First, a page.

Others point to WikiLeaks’ own website detailing its process “to get the unvarnished truth out to the public.” The site claims its own employees verify material “of significance to society” and claims to have developed a “harm minimisation (sic) procedure” to remove or delay identifying details “to protect life and limb of innocent people.”

Seeking truth and minimizing harm echo the first two tenets of the Society of Professional Journalists’ Code of Ethics. Only Julian Assange and company know if WikiLeaks followed these stated procedures or recklessly exercised little or no judgment before unleashing the storm.

To me, whether what we just witnessed defines “journalism” shouldn’t be the question perplexing this Society — or this society.

First and foremost, I don’t believe we should be in the business of defining journalism any more than we want to define who is a journalist. These are epic times in the redefinition of information-gathering and sharing. To exclude any format will define us as the fools of tomorrow.

Further, the question of whether WikiLeaks is journalism matters not a whit to the general public. They don’t care what we call it, from aggregator to middleman to source to blogger to journalist. The world audience just wants information.

And let’s be honest here. There’s no questioning the journalistic value of this information. We now know that China might agree to a reunified Korea, that more Middle East countries are concerned about Iranian nukes than have admitted publicly, that the Obama administration tried some heavy-handed incentives to get other countries to take Guantanamo detainees.

Nothing I’ve read rises to the level of endangering lives. Treason? Even Defense Secretary Robert Gates minimizes the potential harm, saying the disclosures may be embarrassing but of “modest” consequence to U.S. foreign policy.

In my book, the government should bypass the messenger and look within its own glass house. If there was treason, it lies within. It starts with a system that allows an Army private to access classified information.

No, the real question all of us should be asking has nothing to do with the content of the information, but rather the process of gathering it. It’s not about format or who does the publishing. It’s about the decision-making that leads to publication.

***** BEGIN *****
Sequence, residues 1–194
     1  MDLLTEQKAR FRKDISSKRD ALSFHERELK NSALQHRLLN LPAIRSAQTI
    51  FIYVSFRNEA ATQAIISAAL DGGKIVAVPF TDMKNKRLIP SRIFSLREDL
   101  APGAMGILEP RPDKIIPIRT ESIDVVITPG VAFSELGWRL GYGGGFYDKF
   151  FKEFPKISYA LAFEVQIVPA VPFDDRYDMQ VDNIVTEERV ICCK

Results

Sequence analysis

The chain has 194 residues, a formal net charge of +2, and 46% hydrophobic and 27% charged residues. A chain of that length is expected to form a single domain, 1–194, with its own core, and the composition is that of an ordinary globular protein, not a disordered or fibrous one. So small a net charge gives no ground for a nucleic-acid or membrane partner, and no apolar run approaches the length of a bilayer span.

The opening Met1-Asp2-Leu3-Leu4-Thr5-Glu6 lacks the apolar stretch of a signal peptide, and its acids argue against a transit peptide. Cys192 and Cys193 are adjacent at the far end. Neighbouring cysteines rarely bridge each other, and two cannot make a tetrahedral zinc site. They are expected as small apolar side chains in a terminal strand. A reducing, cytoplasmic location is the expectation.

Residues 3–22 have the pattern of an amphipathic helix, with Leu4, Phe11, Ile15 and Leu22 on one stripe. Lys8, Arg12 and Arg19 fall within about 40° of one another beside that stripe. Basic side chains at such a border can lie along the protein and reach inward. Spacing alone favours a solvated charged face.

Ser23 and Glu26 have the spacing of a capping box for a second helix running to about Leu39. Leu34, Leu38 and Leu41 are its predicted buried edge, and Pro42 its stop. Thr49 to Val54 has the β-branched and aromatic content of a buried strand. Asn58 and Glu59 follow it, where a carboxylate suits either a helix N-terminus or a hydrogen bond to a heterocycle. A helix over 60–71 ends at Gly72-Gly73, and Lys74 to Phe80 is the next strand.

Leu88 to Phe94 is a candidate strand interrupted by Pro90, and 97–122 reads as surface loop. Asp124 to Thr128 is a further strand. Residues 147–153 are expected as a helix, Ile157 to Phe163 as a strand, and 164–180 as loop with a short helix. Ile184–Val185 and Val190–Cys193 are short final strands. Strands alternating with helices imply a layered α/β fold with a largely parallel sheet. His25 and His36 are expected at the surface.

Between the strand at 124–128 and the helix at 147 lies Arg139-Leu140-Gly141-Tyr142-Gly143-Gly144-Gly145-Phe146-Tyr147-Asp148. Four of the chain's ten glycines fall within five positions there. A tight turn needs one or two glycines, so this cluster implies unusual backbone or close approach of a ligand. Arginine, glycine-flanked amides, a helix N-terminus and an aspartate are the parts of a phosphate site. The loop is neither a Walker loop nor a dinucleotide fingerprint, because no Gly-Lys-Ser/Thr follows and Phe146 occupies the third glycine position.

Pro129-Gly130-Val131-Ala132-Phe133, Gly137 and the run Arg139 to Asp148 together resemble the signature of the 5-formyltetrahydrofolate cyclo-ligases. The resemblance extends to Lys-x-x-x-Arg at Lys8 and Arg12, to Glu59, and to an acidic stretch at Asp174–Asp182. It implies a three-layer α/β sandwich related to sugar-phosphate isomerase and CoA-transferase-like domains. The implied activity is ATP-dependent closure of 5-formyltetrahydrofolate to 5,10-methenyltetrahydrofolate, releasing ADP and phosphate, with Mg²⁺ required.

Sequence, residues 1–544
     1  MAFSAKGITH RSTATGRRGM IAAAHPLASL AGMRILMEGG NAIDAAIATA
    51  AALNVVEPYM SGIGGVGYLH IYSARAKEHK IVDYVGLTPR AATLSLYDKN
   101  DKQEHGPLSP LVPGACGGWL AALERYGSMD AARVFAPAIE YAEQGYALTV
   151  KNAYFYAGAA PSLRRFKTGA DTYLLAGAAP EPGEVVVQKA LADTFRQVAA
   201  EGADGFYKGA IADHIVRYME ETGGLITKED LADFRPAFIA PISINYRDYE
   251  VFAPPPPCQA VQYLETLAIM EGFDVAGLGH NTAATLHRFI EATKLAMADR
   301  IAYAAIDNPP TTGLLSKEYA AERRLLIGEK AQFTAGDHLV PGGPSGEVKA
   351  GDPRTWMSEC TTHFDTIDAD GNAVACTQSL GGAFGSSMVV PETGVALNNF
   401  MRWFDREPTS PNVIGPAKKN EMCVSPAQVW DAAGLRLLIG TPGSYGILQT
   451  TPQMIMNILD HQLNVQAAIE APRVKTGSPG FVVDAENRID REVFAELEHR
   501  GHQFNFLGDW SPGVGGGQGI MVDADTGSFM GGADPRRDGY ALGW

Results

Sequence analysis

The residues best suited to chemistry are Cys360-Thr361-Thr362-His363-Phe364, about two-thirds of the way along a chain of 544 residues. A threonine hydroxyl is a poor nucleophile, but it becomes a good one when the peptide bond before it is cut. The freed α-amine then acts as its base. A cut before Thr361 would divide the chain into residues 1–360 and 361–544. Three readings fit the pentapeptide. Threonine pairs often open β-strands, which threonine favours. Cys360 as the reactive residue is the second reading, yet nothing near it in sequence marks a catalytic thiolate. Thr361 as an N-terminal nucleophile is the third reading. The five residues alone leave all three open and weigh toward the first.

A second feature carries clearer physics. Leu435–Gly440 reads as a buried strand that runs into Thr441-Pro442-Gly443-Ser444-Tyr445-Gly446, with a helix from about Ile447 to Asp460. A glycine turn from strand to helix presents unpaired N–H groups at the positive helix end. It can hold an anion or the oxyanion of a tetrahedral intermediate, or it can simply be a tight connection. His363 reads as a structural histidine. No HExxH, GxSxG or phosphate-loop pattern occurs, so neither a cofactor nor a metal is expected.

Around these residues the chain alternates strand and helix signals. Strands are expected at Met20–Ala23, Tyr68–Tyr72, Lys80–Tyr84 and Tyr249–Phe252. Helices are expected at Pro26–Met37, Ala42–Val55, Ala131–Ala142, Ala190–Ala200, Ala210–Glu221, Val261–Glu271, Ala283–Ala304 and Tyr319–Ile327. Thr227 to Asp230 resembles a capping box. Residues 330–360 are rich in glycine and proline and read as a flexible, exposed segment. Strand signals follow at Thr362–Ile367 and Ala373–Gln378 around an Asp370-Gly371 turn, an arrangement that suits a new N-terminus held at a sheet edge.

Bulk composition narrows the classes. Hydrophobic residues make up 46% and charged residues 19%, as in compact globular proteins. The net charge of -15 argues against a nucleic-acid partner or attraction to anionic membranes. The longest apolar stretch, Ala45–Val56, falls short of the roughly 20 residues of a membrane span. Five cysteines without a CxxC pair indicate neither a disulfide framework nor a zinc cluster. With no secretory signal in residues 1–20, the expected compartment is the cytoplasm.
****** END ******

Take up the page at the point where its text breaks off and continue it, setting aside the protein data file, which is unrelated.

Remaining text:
That’s what defines professional journalism. It’s not the paycheck. It’s not the type of employer. It’s the tool-gathering skill set. It’s the knowledge to verify and test for accuracy, to provide context via other sources and to provide opportunity for the subjects to respond. It’s about acting responsibly, recognizing the potential harm in the information and vetting it to ensure safety of person and security of government.

That’s the question we should all be discussing, the same question every person and outlet disseminating information should consider. I don’t care who you are or what you call yourself, if you’re not applying these principles, you’re not a journalist. That’s where I feel comfortable defining the word.

In recent months, some have urged SPJ to update our ethics code, and we’re looking into that. But cases like WikiLeaks demonstrate how the code as it exists covers the most controversial of journalistic questions.

So we’re left with what else the code says. These are the parts some might quibble with Assange and WikiLeaks: Be accountable. (Harder to do while you’re in hiding.) Question motives, not only of the alleged Army source but of WikiLeaks itself. As the code says: “Pursuit of truth is not a license for arrogance.”

WikiLeaks provides an opportunity to reaffirm what SPJ believes. First and foremost, we’re a First Amendment organization. We believe in the right to publish truthful information in the public interest. We’re about open government. But we also believe in considerations of harm. As citizens, it’s in our interest that national security stands. Unfortunately, governments sometimes use secrecy to hide what should shine in the light of day. It is these abuses we expose in our role as watchdogs. That is why we’ve gone to bat for leakers and whistleblowers in the past, after we’ve vetted and confirmed their information, of course.

Some outside SPJ have called on us to draw a moral line in the sand between whistleblower and aide to the enemy. We do so every day where lives depend on the line. That’s where responsible journalists consider and make the tough decisions whether and what to publish. Issues that simply “embarrass” the government don’t cross the line.

Others inside SPJ have called on us to distinguish professional journalism from what WikiLeaks just did. The answer lies in what standards the site used. Had PFC Bradley Manning allegedly leaked the information to mainstream media, would we be asking the same question? Or would we be lauding the scoop? Glass houses, everyone.

Perhaps WikiLeaks sought out professional partners because Assange of all people realizes the truth of his site’s limitation: a lack of credibility whether real or imagined. That’s something from which you can’t hide. You earn it over time. You earn it doing the hard work, applying the principles of good, ethical journalism the world can believe.